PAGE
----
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Author Topic: Cost Distributions over the Years  (Read 901 times)

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FemurLemur

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Cost Distributions over the Years
« on: September 10, 2017, 02:38:28 am »
+14

I wouldn't be surprised if this has been done before, but I couldn't find anything elsewhere. For a while now, I have felt like we see a lot more $5 kingdom cards released than in the early days of Dominion. This got me thinking about the distribution of card costs and how it may have changed over time. I found a thread discussing the average cost per set, but no threads discussing the distributions of each cost. So I set out to do exactly that.

Some background info: this ignores potions and debt. Events are not included because they are not Kingdom cards. For Split Piles, I gave them the value that the randomizer assigns them. The graph below doesn't explicitly show Walled Village or Governor in the x-axis, but that's just because I couldn't find precise release dates for them (it's a time axis, but with set icons instead of dates as labels- because graphs should be fun dangit!!) They're still in the data though; Walled Village is clumped in with Cornucopia and Governor is with Hinterlands. I also still counted the 12 cards that were removed from Base Set and Intrigue, because I will never be able to let go, even if they are mostly redundant now.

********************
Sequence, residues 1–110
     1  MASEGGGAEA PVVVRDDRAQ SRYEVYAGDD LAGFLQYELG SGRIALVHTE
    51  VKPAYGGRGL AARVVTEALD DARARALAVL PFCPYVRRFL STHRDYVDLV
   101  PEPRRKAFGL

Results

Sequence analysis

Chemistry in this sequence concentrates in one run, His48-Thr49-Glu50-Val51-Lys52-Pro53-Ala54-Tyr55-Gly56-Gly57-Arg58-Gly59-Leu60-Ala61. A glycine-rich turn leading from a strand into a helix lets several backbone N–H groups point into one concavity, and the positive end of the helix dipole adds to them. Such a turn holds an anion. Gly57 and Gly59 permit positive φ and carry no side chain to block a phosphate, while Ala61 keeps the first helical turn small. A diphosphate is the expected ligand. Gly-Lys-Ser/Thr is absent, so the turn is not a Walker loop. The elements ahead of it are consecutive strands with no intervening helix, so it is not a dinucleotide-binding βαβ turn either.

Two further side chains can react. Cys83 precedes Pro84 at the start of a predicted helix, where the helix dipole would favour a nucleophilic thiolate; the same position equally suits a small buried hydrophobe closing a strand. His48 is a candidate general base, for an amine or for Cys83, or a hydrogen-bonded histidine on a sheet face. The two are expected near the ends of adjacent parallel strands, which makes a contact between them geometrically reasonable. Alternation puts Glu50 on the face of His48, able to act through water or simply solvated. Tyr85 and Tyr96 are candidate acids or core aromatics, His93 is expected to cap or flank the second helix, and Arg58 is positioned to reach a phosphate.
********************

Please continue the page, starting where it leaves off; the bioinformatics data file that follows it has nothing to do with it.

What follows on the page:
The graph shows the percentage of Kingdom cards ranging from $1-$8, with the x-axis being time and the y-axis being %. I left in some data markers for local maxima and minima (but not all of them, because it would be too cluttered), as well as the starting values and ending values, which give us some interesting insight- primarily that between main set and now, $5 cards have gone from being 28% of the cardpool to ~35% (not as high as I expected), and $4 have gone from being 40% to ~28% (much lower than I expected).

To maximize the amount of "fun" we're all having, I gave each section a background with cards corresponding to their cost. For example, the segment with Mountebank, that oh-so-handsome Jester staring longingly at you, Mine, and Emperor Palpatine is the $5 segment; whereas the segment below it with Remake, Throne Room, Island, and that oh-so-handsome Jack's Crotch staring longingly at you is the $4 segment. Good luck being able to see Poor House in the bottom sliver, or Prince/Peddler in the top  :P

Below the graph is the source data, for those interested in that sort of thing.













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Chappy7

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Re: Cost Distributions over the Years
« Reply #1 on: September 10, 2017, 04:21:31 am »
+2

Maybe someday poor house will have a friend in the $1 club... :'(
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FemurLemur

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Re: Cost Distributions over the Years